“You speak very good English. What nationality are you?”
He answered eagerly in his chi-chi accent: “I am a Joo, sir!”
And I remember turning to my companion and saying, only partly in joke, “He admits it openly.” All the Jews I had known till then were people who were ashamed of being Jews, or at any rate preferred not to talk about their ancestry, and if forced to do so tended to use the word “Hebrew”.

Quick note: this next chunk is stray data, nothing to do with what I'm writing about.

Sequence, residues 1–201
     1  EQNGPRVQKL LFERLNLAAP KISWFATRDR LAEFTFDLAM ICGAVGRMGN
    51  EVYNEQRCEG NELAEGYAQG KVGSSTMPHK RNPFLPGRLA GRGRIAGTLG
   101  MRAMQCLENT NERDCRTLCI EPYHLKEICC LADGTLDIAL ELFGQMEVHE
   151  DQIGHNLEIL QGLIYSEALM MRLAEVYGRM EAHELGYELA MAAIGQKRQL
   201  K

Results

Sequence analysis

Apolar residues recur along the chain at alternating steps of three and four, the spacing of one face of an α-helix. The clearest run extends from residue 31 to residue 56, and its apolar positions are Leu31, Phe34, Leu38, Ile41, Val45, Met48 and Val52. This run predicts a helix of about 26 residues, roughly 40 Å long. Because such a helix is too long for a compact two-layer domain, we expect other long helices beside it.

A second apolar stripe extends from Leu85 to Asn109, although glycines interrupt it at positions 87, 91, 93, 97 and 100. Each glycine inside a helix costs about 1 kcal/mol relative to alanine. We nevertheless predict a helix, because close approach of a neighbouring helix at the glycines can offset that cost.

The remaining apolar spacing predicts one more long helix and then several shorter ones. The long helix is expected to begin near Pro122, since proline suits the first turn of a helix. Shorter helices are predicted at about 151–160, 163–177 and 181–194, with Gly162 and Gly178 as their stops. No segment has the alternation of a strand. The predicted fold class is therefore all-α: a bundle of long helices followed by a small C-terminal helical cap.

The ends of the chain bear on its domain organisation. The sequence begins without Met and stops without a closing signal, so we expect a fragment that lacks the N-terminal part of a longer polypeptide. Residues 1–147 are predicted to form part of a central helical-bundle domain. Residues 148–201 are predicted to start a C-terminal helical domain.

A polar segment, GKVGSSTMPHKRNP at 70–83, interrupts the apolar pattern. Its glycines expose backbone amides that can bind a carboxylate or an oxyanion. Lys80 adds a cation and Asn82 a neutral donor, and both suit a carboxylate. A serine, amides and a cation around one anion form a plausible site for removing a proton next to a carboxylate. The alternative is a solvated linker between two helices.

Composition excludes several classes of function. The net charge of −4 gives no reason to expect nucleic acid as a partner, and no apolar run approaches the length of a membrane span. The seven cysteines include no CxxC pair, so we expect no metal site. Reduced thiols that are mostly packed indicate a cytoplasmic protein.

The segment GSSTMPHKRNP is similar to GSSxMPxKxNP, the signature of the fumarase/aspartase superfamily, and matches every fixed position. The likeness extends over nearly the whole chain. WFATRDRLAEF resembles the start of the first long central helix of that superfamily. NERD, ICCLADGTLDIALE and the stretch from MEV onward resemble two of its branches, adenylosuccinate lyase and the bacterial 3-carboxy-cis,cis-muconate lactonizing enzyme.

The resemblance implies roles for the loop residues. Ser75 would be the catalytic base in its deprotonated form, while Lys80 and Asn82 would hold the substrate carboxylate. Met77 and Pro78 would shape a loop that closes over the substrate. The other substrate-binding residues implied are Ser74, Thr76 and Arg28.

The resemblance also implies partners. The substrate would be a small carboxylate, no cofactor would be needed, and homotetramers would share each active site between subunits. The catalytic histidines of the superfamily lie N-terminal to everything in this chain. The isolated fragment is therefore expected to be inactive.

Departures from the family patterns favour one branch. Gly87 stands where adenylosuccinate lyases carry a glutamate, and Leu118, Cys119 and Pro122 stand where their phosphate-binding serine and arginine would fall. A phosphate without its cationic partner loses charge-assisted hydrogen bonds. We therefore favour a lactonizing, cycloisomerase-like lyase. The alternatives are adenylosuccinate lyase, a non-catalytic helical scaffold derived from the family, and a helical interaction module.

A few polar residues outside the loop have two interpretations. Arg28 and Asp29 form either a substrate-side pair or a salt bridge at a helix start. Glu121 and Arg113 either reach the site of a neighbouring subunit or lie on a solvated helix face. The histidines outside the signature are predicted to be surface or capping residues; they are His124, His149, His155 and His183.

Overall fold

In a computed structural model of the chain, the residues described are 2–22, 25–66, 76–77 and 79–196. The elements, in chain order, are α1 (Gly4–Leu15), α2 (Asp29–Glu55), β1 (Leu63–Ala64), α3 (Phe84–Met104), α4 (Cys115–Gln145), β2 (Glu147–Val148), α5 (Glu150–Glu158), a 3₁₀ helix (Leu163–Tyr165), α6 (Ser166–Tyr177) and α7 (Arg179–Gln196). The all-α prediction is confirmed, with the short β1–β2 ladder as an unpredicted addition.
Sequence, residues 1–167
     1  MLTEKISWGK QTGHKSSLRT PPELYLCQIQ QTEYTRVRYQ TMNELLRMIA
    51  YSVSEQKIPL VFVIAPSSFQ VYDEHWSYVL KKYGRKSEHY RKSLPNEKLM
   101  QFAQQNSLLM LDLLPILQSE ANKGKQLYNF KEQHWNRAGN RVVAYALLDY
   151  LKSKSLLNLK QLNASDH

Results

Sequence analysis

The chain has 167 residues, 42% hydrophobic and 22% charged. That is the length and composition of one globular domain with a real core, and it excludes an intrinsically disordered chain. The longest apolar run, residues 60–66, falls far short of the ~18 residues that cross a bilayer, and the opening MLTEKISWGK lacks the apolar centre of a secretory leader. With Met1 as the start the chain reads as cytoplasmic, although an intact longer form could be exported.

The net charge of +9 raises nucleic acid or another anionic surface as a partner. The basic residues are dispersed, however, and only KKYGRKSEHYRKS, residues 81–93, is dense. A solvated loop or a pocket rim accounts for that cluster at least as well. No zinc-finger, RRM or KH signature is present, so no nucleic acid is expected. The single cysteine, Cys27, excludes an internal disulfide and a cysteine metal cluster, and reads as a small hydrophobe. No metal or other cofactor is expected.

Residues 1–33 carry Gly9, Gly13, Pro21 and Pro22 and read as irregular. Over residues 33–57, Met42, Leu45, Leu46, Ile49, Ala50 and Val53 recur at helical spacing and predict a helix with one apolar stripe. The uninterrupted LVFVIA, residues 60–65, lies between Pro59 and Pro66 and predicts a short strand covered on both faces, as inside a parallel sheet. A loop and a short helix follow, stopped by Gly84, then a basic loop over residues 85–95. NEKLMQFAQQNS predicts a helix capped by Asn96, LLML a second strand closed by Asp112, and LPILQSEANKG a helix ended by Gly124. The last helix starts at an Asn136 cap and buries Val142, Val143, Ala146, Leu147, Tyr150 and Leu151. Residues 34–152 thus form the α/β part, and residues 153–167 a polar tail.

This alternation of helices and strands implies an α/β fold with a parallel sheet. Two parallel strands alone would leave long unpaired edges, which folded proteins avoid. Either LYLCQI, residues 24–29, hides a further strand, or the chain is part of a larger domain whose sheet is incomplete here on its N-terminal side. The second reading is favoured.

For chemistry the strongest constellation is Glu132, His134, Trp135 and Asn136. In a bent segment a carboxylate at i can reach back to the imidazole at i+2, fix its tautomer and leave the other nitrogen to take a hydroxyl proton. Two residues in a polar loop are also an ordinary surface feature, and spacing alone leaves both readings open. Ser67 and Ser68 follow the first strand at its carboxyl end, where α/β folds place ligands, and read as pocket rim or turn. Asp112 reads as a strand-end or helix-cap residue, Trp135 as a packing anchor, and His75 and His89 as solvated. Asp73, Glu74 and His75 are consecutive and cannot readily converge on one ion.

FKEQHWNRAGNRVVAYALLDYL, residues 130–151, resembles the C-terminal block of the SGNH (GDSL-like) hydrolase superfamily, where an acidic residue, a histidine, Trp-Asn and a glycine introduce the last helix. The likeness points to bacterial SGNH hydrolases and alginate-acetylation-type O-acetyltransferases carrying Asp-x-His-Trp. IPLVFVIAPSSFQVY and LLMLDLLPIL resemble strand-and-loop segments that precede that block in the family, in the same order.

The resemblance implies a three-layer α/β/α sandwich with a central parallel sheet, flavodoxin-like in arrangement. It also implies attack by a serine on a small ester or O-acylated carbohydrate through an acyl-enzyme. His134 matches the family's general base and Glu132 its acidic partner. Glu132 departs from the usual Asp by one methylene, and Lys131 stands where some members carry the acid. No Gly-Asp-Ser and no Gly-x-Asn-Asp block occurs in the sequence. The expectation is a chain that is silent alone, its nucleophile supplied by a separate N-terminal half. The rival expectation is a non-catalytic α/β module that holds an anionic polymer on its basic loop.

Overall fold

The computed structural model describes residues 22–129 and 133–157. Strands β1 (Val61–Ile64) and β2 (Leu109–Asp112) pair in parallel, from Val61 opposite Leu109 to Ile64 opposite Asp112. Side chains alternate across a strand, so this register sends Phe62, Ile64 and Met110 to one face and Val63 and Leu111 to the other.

The working-class attitude was no better. The Jew who grew up in Whitechapel took it for granted that he would be assaulted, or at least hooted at, if he ventured into one of the Christian slums nearby, and the “Jew joke” of the music halls and the comic papers was almost consistently ill-natured.1 There was also literary Jew-baiting, which in the hands of Belloc, Chesterton and their followers reached an almost continental level of scurrility. Non-Catholic writers were sometimes guilty of the same thing in a milder form. There has been a perceptible anti-Semitic strain in English literature from Chaucer onwards, and without even getting up from this table to consult a book I can think of passages which if written now would be stigmatised as anti-Semitism, in the works of Shakespeare, Smollett, Thackeray, Bernard Shaw, H. G. Wells, T. S. Eliot, Aldous Huxley and various others. Offhand, the only English writers I can think of who, before the days of Hitler, made a definite effort to stick up for Jews are Dickens and Charles Reade. And however little the average intellectual may have agreed with the opinions of Belloc and Chesterton, he did not acutely disapprove of them. Chesterton’s endless tirades against Jews, which he thrust into stories and essays upon the flimsiest pretexts, never got him into trouble—indeed Chesterton was one of the most generally respected figures in English literary life. Anyone who wrote in that strain now would bring down a storm of abuse upon himself, or more probably would find it impossible to get his writings published.